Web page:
Analysis of the cleaved glycans by CZE with LIF detection readily resolves all four species (5), including the positional isomers of G1 (Figure 6). The separation was performed using reversed polarity (anode at detector end) and coated capillaries to reduce electroosmotic flow (EOF). Because all of the glycans have the same net charge, separation is based upon differences in size and shape. Therefore, differences in the number and position of terminal galactose residues alters glycan mobility, with G0 (no terminal galactose residues) migrating faster than G2 (with two terminal galactose residues). The G1 isomers migrate at intermediate mobility; the faster-migrating G1 species is present at relatively higher amounts. Additional experiments involving seqential enzymatic removal of N-acetylglucosamine and mannose residues suggested that the fast-migrating major G1 peak was the branch linked to the core structure via the 1–6 linkage (refer to Figure 5).

Figure 6: Separation of glycans cleaved from rituximab with PNGase. The internal standard is maltoheptaose. Reproduced from reference 5 with permission from the American Chemical Society.

Current and Future CE Usage in the Biopharmaceutical Industry

This and the previous installment of "Directions in Discovery" have explored the use of CE as a replacement for conventional GE assays, with a focus on generic or platform methods which could be applied to many different products. In the course of preparing this report, scientists at several biopharmaceutical companies were interviewed. Of these, Genentech and Amgen emerged as the leaders in this technology.

Genentech currently has twenty validated CE assays (2). In the QC environment, this includes lot release testing. In the product development environment, CE assays are used for cell culture development, recovery process design, formulation and stability studies, product characterization including comparability studies, and clinical lot release. The company started their CE program almost 10 years ago, and has over 30 CE systems in use. Currently every new molecule has one or two CE assays. Of the electrophoretic methods in use, 100% of the QC methods are CE, and 90% of analytical characterization methods are CE-based.

Amgen (6) has validated methods for CE-SDS (primarily for lot release of monoclonal antibody products), cIEF, CZE-LIF (for oligosaccharide characterization), and CZE-UV (for isoform determination). The company has 40 CE systems at four sites. At Amgen, CE has replaced gel electrophoresis for QC assays.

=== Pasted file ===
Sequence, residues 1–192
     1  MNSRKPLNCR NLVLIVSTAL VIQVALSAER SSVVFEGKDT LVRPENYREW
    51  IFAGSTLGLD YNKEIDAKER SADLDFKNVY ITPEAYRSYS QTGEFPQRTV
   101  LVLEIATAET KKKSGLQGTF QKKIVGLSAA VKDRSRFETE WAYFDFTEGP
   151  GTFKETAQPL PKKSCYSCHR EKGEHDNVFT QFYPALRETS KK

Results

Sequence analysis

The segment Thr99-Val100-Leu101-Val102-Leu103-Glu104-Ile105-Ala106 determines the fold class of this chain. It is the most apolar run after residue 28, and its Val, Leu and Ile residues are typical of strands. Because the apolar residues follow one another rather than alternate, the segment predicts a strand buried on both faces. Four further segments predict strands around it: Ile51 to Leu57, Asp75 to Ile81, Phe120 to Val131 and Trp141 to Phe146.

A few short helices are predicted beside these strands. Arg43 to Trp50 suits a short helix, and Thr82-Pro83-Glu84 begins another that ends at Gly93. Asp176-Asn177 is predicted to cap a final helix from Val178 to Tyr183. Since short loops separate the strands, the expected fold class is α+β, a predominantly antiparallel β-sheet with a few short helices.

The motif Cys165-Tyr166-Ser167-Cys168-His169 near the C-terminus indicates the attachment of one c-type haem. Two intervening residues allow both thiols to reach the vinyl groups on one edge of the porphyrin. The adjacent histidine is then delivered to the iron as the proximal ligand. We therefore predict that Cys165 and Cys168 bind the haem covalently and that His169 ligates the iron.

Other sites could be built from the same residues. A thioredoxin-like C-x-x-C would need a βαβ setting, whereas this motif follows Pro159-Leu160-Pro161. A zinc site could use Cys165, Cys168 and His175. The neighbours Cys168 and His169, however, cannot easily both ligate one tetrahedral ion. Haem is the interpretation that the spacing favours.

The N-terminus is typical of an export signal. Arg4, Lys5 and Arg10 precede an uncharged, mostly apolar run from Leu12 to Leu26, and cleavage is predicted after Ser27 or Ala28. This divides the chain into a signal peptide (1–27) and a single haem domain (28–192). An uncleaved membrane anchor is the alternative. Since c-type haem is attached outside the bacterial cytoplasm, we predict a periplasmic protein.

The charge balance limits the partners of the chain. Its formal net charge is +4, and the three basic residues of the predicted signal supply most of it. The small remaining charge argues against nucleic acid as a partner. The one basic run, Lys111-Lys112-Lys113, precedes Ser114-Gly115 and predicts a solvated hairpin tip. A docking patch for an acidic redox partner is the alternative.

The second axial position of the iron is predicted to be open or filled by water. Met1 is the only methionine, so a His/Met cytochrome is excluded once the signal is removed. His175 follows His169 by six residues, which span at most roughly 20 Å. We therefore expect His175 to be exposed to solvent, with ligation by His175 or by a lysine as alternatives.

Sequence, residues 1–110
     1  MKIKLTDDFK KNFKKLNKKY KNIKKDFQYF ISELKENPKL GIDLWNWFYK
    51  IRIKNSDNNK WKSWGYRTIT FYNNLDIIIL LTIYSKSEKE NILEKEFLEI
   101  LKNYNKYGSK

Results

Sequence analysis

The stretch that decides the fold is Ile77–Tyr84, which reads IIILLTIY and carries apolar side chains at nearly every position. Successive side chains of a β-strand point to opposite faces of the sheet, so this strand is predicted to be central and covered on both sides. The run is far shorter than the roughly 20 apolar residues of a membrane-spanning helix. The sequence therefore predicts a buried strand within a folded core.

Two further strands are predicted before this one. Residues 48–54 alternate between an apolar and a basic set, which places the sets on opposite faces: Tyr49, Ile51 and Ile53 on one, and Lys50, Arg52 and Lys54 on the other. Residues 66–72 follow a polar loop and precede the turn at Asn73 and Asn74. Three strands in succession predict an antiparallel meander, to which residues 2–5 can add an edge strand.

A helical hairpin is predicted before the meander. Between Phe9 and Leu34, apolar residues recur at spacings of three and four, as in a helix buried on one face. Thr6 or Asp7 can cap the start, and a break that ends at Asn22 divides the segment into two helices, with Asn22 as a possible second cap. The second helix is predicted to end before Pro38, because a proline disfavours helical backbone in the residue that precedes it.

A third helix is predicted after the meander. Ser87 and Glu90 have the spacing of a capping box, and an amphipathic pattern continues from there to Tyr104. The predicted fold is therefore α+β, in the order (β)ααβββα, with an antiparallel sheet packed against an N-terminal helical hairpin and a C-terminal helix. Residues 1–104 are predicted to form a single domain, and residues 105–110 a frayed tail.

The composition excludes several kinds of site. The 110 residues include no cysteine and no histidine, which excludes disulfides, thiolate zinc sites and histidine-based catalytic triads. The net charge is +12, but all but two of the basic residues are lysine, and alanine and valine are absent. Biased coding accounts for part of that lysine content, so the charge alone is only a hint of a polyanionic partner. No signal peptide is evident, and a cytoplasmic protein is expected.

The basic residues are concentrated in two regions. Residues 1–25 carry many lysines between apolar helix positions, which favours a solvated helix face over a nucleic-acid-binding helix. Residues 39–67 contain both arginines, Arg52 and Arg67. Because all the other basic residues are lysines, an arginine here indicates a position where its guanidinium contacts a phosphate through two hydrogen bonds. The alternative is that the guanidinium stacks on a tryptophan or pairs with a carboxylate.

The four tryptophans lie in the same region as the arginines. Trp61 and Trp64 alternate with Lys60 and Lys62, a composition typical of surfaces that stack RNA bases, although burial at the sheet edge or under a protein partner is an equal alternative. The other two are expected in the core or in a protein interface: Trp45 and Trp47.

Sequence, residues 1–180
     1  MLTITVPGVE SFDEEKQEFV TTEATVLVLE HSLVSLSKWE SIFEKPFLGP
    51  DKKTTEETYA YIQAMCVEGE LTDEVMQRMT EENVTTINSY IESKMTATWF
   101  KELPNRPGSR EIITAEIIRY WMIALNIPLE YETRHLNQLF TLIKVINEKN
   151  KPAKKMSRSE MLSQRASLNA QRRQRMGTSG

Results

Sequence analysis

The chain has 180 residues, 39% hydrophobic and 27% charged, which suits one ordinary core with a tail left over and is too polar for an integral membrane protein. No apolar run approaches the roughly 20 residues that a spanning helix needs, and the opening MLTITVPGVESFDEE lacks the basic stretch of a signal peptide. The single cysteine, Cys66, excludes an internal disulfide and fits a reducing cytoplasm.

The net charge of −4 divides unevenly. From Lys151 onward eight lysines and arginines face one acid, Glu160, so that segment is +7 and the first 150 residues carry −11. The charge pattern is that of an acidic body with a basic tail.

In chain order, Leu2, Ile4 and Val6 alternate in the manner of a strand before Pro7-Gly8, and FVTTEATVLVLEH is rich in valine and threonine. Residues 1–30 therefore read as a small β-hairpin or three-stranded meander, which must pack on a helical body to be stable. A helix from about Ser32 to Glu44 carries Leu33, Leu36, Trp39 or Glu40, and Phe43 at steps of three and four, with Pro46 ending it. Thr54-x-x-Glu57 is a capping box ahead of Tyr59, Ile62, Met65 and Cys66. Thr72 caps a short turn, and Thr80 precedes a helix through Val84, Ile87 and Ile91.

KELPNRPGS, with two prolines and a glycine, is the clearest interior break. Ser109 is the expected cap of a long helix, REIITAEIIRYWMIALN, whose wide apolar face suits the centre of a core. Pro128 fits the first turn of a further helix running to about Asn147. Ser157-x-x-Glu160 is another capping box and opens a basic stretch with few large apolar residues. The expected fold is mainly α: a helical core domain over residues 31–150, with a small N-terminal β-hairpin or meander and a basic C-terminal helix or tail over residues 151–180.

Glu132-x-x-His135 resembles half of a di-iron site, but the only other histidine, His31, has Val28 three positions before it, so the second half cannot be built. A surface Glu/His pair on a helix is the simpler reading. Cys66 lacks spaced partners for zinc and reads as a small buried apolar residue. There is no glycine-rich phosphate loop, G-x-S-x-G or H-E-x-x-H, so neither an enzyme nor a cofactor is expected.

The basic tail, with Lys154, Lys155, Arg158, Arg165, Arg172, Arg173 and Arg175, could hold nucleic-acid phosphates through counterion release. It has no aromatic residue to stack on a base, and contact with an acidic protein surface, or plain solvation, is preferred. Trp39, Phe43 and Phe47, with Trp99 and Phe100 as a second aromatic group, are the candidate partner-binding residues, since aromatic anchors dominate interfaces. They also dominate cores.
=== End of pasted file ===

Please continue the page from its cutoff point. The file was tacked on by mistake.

Although CE is routinely used in many biopharmaceutical companies, the technology is not without challenges. Management acceptance, which was certainly an issue when CE programs were initiated in the industry in the mid-to-late 1990s, is still a concern. Questions about analytical performance and vendor commitment still arise. Practitioners desire better chemistries, including more stable capillary coatings, improved derivatization procedures, and more versatile polymer sieving matrices. Training surfaced as a serious problem as well. Personnel turnover is a fact of life in this industry, and academic labs are not providing a pipeline of students with CE expertise.

In spite of these concerns, CE is now — and is likely to remain — a core analytical technology in the development and manufacture of biotherapeutics. In the future, CE will most likely evolve away from general-purpose capillary-based instruments towards miniaturized chip-based platforms and specialized applications-directed systems.

Tim Wehr "Directions in Discovery" editor Tim Wehr is staff scientist at Bio-Rad Laboratories, Hercules, California. Direct correspondence about this column to "Directions in Discovery," LCGC, Woodbridge Corporate Plaza, 485 Route 1 South, Building F, First Floor, Iselin, NJ 08830, e-mail


(1) T. Wehr, LCGC 23, 676–681 (2005).

(2) S. Ma, Abstract L05-K4-M, presented at the 18th International Symposium on Microscale Bioseparations, New Orleans, Louisiana, 2005.

(3) S. Ma and W. Nashabeh, Chromatographia 53, S-75–S-89 (2001).

(4) J. Wu and A. Watson, J. Chromatogr., A 817, 163 (1998).

(5) S. Ma, and W. Nashabeh Anal. Chem. 71, 5185–5192 (1999).

(6) A. Guo, M. Han, P. Jones, and A. Balland, Abstract L05-O12-M, presented at the 18th International Symposium on Microscale Bioseparations, New Orleans, Louisiana, 2005.